There are two approaches to conserve biodiversity, protect species and individual stocks and protect habitats in which they live. The essential thing is the conservation of entire ecosystems, ensuring their functionality.
On 22 May, is celebrated World Biodiversity Day. The loss of genetic diversity, species and ecosystems is one of the greatest dangers for the future of humanity. Another more insidious threat is the development of transgenic crops, and can have serious consequences throughout the century, when public pressure does not stop its development.
Every year thousands of species disappear and with them new opportunities for agricultural crops, industrial products or medicines to cure diseases. With the loss of diversity, increased uniformity, dependence on a few varieties of plants for food, and especially increases the vulnerability to pests and diseases.
Biodiversity is being lost due to deterioration and fragmentation of habitats, introduced species, overexploitation of plants, animals and fish, pollution, climate change, agriculture (reduction of the varieties used, pesticides) and afforestation with fast-growing monocultures.
In the undesirable consequences of economic development, population growth, unequal distribution of income and unsustainable consumption of resources, add those caused by the new biotechnologies and the development of genetic engineering, the limited range of agricultural products forestry and fisheries market, and economic policies that do not attach due value to resources. Most of the germplasm of the species and crop varieties and livestock may disappear.
The species recorded reached the figure of 1,750,000, but some authors suggest that probably exceeded 111 million species, although the average figure today is estimated at 13,620,000 species, according to the bible of biodiversity, the Global Biodiversity Assessment, report of 1,140 pages published in English by UNEP in 1995. But the only certainty is that nobody knows how many species exist.
Among the species already described there are 270,000 plants, 4,300 mammals, 9,700 birds, 6,300 reptiles, 4,200 amphibians, 19,000 fish, 72,000 fungi (thought to be the number of species should exceed 1.5 million), arthropods 1,085,000 (950,000 insects described, although the number of species should be more than 8 million), 5,000 and 4,000 bacterial virus (a fraction of the more than 400,000 viruses and bacteria that 1 million are believed to exist).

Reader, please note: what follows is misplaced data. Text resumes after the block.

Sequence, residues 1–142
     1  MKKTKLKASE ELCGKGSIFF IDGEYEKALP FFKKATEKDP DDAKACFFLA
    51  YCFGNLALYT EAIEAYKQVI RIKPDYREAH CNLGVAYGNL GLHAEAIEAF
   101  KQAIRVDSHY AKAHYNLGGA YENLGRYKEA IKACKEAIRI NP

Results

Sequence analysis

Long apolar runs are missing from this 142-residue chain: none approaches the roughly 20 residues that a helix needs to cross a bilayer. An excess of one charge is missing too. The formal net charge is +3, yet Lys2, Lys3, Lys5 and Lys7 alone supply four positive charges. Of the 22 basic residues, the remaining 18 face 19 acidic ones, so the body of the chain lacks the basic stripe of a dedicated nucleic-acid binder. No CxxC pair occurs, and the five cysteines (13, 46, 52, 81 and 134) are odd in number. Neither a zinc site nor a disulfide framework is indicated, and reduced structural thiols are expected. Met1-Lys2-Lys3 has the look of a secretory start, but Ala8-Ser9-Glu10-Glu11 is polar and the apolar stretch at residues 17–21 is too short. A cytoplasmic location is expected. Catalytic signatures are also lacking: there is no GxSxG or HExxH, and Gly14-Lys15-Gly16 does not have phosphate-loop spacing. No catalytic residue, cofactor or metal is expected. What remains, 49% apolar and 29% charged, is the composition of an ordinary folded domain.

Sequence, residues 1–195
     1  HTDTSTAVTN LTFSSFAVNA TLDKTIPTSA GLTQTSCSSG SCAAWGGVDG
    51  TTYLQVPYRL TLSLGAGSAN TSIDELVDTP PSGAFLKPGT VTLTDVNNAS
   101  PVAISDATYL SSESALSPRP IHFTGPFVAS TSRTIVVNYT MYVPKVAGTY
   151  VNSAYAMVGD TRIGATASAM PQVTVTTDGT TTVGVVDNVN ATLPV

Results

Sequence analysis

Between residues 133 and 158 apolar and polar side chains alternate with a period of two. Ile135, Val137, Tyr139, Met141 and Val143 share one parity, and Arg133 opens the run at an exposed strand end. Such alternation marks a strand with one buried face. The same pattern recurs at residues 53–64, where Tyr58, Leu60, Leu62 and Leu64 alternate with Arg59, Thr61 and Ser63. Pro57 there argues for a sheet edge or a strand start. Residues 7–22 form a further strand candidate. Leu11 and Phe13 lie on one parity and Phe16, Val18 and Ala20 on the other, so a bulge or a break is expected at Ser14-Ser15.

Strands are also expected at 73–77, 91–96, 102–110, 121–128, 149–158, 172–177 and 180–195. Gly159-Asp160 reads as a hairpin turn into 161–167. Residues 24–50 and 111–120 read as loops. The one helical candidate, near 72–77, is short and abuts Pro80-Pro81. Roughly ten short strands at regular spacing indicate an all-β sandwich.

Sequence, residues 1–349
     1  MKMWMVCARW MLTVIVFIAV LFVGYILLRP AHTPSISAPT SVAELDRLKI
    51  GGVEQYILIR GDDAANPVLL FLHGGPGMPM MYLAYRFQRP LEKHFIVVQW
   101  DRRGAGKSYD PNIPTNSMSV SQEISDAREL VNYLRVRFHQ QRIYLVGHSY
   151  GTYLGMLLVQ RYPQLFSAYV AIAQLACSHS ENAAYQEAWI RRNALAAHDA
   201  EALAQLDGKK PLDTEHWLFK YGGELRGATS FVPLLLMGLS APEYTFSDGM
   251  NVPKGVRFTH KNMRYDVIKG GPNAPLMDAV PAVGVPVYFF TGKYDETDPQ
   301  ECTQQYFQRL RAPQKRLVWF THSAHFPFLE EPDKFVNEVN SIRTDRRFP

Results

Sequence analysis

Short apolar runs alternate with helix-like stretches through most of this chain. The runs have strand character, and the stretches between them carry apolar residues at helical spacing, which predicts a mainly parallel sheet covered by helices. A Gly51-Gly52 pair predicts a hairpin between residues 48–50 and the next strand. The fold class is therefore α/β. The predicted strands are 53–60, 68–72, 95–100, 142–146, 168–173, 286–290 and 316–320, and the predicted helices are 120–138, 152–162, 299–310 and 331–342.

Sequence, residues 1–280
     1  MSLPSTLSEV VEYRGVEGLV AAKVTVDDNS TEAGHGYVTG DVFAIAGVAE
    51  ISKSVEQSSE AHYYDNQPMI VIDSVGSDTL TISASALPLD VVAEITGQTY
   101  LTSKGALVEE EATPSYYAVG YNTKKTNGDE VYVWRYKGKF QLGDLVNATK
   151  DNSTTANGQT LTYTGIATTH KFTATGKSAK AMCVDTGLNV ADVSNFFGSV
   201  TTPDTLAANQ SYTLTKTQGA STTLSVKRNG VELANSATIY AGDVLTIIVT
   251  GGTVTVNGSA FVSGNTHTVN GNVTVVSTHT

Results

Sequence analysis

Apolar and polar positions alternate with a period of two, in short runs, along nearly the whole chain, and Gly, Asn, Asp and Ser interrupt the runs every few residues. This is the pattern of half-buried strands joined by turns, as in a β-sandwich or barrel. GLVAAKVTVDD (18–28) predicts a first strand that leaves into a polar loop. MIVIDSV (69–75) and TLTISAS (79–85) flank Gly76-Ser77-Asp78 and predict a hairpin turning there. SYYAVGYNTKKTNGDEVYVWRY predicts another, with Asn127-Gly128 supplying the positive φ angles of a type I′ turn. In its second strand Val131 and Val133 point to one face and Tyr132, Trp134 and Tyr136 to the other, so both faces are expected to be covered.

Tropical forests cover only 7 percent of land area, contain between 50% and 90% of all species. The average extinction one species of mammal in 400 years and a bird species every 200 years, but the documented extinctions over the past 400 years indicate that disappeared 58 mammal species and 115 birds.
These figures represent only the known extinctions. Affected populations can endure for several generations, but are condemned to disappear when the total number falls below a point that can not withstand the severity of a drought, disease, predation and other kinds of phenomena. A species must have a population of at least several thousands of individuals to survive in the long term. About 12 percent of mammal species and 11 percent of birds were classified as endangered in 1990.
90 percent of our food comes from 15 plant species and 8 animal species. Rice, according to the FAO, provides 26% of calories, 23% wheat and corn 7%. The new species replace native species, destroying agriculture and standardizing genetic diversity. Only in Indonesia have become extinct 1,500 varieties of rice in the past 15 years.
As more uniformity, more vulnerable. The loss of the potato crop in Ireland in 1846, the U.S. corn in 1970 or wheat in Russia in 1972 are examples of the dangers of genetic erosion and show the need to preserve native varieties of plants even to create new varieties and pest resistant.
The wheat grown in Canada today have genes from 14 countries and genes of cucumbers U.S. from Burma, India and Korea, genes obtained without any consideration, as opposed to improved seeds that U.S. exports, not to mention transgenic seed.
U.S. multinationals, the European Union and Japan seek to obtain free, especially in Third World countries, genetic resources and then sell them at usurious rates of seeds, animals and medicines obtained on the basis of “intellectual property “. Genetic engineering will lead to the loss of thousands of varieties of plants, grown only a few highly productive, not to mention many other dangers, compounding the effects of the green revolution of past decades.
credit to: José Santamarta